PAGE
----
Afterward, Virginia Attorney General Mark Herring, a Democrat, issued an opinion that militia members presenting themselves as peacekeepers could be violating state law.

The Jan. 20 event could be on a far bigger scale. Van Cleave said his organization typically charters three buses to bring in scores of advocates for Lobby Day; this year, he has already chartered 23 buses, and other groups have reserved 28 — and the number is climbing, he said.

Attention has been building since the Nov. 5 elections as the Second Amendment sanctuary movement has swept across the state.

More than 110 Virginia local bodies have passed resolutions on Second Amendment rights in the past few months. The rapid spread was fanned by an escalation of rhetoric online.

“Virginia is the state that is testing this unlawful, unconstitutional, Second Amendment gun grab,” Chris Hill, founder of Three Percent Security Force, said in a YouTube video. “If this is where it begins, then this is where it will end.”

The Southern Poverty Law Center calls Hill’s organization an anti-government extremist group.

In an interview Friday, Hill said his militia is not a hate group and predicted any violence on the 20th would come from left-wing “antifa” activists or MS-13 gang members.

Early in December, Rep. Donald McEachin, D-Richmond, responded to the Second Amendment sanctuary movement by suggesting in an interview that Northam might have to call out the National Guard to enforce gun laws.

Online, that turned into a false claim that Northam has actually called out the National Guard.

“Absolutely not,” Northam spokeswoman Alena Yarmosky said.

The commander of the Virginia National Guard, Maj. Gen. Timothy Williams, issued a statement that the organization had received “multiple questions” about its role in gun enforcement but that the governor had made no such requests.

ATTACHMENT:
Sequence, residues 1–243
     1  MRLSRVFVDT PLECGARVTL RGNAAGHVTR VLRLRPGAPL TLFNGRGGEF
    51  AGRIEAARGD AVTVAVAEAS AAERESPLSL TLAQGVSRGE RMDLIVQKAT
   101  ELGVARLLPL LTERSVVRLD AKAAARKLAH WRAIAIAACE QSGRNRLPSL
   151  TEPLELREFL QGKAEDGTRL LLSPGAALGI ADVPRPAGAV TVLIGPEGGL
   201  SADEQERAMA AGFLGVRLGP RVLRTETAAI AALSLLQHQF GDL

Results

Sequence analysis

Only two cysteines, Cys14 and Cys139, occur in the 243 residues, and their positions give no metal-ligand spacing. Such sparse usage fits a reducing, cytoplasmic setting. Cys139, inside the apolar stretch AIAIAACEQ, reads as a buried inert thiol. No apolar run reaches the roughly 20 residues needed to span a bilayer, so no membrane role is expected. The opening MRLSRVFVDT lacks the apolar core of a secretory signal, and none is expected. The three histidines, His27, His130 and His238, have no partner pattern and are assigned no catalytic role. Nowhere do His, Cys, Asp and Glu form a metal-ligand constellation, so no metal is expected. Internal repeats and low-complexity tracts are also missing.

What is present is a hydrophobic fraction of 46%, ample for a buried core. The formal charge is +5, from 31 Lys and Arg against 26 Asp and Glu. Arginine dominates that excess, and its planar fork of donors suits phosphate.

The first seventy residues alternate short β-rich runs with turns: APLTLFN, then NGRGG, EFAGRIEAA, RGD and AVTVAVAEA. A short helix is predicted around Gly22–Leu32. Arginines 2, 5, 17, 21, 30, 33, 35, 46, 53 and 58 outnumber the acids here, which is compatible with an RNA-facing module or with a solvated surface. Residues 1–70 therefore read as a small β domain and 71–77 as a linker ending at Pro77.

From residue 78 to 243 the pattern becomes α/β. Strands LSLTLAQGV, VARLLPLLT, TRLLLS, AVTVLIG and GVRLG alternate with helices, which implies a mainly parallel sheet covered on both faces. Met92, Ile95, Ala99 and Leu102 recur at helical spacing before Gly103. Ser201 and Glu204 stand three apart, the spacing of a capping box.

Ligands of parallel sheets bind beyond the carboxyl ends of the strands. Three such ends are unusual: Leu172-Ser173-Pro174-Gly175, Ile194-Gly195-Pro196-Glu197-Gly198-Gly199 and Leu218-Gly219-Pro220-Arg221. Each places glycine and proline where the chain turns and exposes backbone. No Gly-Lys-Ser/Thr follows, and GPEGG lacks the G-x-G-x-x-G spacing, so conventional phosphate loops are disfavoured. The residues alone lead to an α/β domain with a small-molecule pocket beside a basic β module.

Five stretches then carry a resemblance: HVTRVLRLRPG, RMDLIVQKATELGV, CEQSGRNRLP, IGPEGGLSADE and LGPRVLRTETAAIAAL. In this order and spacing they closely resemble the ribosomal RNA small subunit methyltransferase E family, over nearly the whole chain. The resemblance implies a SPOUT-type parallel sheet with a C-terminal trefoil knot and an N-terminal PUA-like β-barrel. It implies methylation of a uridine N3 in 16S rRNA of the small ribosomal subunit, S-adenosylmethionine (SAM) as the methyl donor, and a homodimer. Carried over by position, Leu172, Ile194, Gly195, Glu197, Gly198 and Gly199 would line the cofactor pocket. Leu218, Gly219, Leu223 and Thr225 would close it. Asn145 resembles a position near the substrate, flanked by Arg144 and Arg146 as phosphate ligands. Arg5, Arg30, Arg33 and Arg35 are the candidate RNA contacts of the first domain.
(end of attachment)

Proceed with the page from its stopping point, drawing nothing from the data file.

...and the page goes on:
Nonetheless, Williams seemed to feed the frenzy when he included in his statement, “we will not speculate about the possible use of the Virginia National Guard.”

One white supremacist blogger wrote a widely disseminated post claiming that Northam planned to call out the Guard and cut power and Internet service to thwart gun supporters.

That led to a meme with a fabricated quote in which Northam is made to say, “if you still refuse to comply I’ll have you killed.”

Both and PolitiFact have debunked the claims, but the falsehoods have reverberated in efforts to summon gun supporters to Richmond. Some of the comments in social media or on the Reddit thread r/VAGuns have turned menacing.

The conspiracy theory site Natural News posted an angry tirade about Northam, accusing him of starting a new civil war and suggesting vigilantes would kill any officials who tried to take their guns.

An anti-Semitic website said Jewish Democrats were “gun-grabbers,” including former New York mayor Mike Bloomberg, the presidential candidate whose gun-control organization has poured millions into Virginia.

State officials declined to directly address the threats.

“Our administration is taking serious precautions to protect the safety of all visitors, policymakers, and staff during the upcoming General Assembly session,” Clark Mercer, Northam’s chief of staff, said via email. “This issue evokes strong feelings, but spreading lies, rumors, and misinformation is irresponsible and dangerous. All legislators and advocates have an obligation to tell the truth and not irresponsibly escalate emotions, regardless of what policy positions they hold on these issues.”

The nation’s most visible gun-rights group, the National Rifle Association, is taking an intentionally lower-key approach. It will sponsor town halls in three rural locations in the coming weeks, aimed at explaining proposed legislation.

Rather than publicize the Jan. 20 rally, the NRA has called on its members to visit lawmakers Jan. 13, the day it expects the first bills to be taken up by a committee chaired by Sen. John Edwards, D-Roanoke. It has not commented on the sanctuary cities movement.

All the outside attention has overwhelmed some of the homegrown gun rights advocates. Troy Carter, who helped rally support for a sanctuary proclamation in Amelia County outside Richmond, said he has seen the fiery social media posts.

“I am worried people will come here to Virginia and look for that opportunity to cause trouble,” he said.

“It’s not going to be the sanctuary guys, because we just want peace and to be left alone.”